The Open UniversitySkip to content
 

Rereading Winnicott’s “Primary Maternal Preoccupation”

Hollway, Wendy (2012). Rereading Winnicott’s “Primary Maternal Preoccupation”. Feminism & Psychology, 22(1) pp. 20–40.

DOI (Digital Object Identifier) Link: http://dx.doi.org/10.1177/0959353511411692
Google Scholar: Look up in Google Scholar

Abstract

Using data examples, I re-approach Donald Winnicott’s idea of primary maternal pre- occupation (1984[1956]) through Bracha Ettinger’s matrixial concept of transsubjectivity. I argue that Winnicott recognises the radical difference between the mental state that women will have occupied formerly and the state that the prenatal and postnatal infant will claim, if the mother is available to it. With the benefit of a matrixial perspective it is possible to see how this description need not pathologise women, nor reproduce misogynistic discourses. On the contrary it begins to do justice to the enormity of women’s transition as they become mothers: enormity because it threatens to pitch them beyond the experience of being a self-contained autonomous individual, a position which is normalised in what Ettinger calls phallic logic. Feminists risk reproducing phallic logic if we dismiss on ideological grounds, and thereby pathologise, this radically other state characteristic of the peri-natal period that many women experience when they become mothers.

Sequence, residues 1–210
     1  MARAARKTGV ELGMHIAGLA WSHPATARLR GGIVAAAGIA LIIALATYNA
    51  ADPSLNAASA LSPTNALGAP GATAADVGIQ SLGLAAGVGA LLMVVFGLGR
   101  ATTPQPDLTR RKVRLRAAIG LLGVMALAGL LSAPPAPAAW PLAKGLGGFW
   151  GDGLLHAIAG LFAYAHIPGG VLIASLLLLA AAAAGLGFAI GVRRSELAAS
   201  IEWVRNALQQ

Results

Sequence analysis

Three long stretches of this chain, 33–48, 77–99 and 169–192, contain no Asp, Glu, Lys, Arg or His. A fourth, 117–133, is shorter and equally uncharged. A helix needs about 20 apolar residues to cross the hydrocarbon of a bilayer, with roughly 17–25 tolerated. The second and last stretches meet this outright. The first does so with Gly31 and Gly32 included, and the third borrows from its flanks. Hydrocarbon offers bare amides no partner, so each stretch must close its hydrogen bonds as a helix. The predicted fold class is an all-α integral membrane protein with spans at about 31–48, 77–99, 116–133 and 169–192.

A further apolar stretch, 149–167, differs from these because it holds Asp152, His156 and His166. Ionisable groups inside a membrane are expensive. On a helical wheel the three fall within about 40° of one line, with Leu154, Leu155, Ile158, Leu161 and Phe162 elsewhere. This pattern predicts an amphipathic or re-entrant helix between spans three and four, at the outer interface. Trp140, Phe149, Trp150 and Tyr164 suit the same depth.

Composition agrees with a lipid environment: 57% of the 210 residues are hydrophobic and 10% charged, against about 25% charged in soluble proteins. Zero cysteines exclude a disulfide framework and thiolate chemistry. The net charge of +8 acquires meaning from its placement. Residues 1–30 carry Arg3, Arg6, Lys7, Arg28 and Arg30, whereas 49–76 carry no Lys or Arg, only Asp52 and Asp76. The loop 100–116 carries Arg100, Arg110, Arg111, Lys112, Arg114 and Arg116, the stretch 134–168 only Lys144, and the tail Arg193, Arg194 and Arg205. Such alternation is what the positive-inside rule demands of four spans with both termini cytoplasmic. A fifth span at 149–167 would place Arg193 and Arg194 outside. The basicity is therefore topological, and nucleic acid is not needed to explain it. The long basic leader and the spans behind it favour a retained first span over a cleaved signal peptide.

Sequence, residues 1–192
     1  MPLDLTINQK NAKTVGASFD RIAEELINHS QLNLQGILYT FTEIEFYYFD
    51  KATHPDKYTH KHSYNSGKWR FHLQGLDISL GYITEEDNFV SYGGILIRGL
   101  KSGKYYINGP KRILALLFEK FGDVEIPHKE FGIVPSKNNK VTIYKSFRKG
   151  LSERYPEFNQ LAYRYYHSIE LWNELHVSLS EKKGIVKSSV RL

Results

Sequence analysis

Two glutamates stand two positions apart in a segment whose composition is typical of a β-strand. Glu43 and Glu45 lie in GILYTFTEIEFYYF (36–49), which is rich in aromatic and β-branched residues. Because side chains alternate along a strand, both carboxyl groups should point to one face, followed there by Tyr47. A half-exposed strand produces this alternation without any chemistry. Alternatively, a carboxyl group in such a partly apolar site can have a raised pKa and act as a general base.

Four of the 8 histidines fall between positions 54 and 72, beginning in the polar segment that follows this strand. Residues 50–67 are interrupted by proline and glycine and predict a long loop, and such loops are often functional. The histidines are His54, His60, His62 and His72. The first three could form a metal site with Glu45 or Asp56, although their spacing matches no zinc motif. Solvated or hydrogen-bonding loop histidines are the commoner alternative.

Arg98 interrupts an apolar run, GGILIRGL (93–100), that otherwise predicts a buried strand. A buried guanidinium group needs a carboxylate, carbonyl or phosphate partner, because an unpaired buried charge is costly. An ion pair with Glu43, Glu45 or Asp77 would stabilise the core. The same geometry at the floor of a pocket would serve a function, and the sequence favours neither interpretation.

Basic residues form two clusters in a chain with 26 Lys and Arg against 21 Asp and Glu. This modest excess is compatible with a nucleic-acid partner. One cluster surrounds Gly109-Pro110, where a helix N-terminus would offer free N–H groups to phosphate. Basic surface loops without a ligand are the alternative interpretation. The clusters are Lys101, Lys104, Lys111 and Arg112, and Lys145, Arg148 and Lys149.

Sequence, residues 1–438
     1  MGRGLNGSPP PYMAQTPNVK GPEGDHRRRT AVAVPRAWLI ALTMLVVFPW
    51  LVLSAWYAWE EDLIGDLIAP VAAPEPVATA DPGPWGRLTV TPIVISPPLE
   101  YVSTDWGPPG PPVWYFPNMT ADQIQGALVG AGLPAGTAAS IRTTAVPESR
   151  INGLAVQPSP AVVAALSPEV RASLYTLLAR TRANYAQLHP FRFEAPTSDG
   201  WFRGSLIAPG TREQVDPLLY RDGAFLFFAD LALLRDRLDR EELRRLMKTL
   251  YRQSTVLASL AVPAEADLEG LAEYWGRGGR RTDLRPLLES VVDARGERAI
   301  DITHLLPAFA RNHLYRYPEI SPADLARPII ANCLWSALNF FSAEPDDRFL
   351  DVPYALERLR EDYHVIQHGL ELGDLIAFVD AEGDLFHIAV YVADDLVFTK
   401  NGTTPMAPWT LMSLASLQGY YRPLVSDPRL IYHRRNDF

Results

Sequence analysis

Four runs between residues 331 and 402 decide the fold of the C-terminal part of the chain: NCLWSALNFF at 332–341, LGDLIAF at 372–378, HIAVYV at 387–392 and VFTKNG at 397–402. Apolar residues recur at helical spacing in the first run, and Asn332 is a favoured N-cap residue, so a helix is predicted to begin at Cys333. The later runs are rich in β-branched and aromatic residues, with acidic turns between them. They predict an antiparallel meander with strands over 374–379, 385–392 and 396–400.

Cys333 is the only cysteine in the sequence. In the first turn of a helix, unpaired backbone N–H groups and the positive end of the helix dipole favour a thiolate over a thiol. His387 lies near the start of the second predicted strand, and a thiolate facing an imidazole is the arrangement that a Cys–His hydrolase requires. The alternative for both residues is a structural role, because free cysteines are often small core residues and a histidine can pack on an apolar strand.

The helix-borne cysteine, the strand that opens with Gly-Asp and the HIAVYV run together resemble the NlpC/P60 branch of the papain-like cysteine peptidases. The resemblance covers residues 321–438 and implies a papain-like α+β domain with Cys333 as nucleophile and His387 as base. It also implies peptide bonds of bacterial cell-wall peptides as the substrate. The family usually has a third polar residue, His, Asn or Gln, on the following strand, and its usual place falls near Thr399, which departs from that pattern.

Item Type: Journal Article
Copyright Holders: 2011 The Author(s)
ISSN: 1461-7161
Keywords: becoming mothers; matrixial; maternal depression; transsubjectivity
Academic Unit/Department: Social Sciences > Psychology in the Social Sciences
Interdisciplinary Research Centre: Centre for Citizenship, Identities and Governance (CCIG)
Related URLs:
Item ID: 32611
Depositing User: Wendy Hollway
Date Deposited: 16 Feb 2012 13:52
Last Modified: 20 Dec 2013 13:35
URI: http://oro.open.ac.uk/id/eprint/32611
Share this page:

Actions (login may be required)

View Item
Report issue / request change

Policies | Disclaimer

© The Open University   + 44 (0)870 333 4340   general-enquiries@open.ac.uk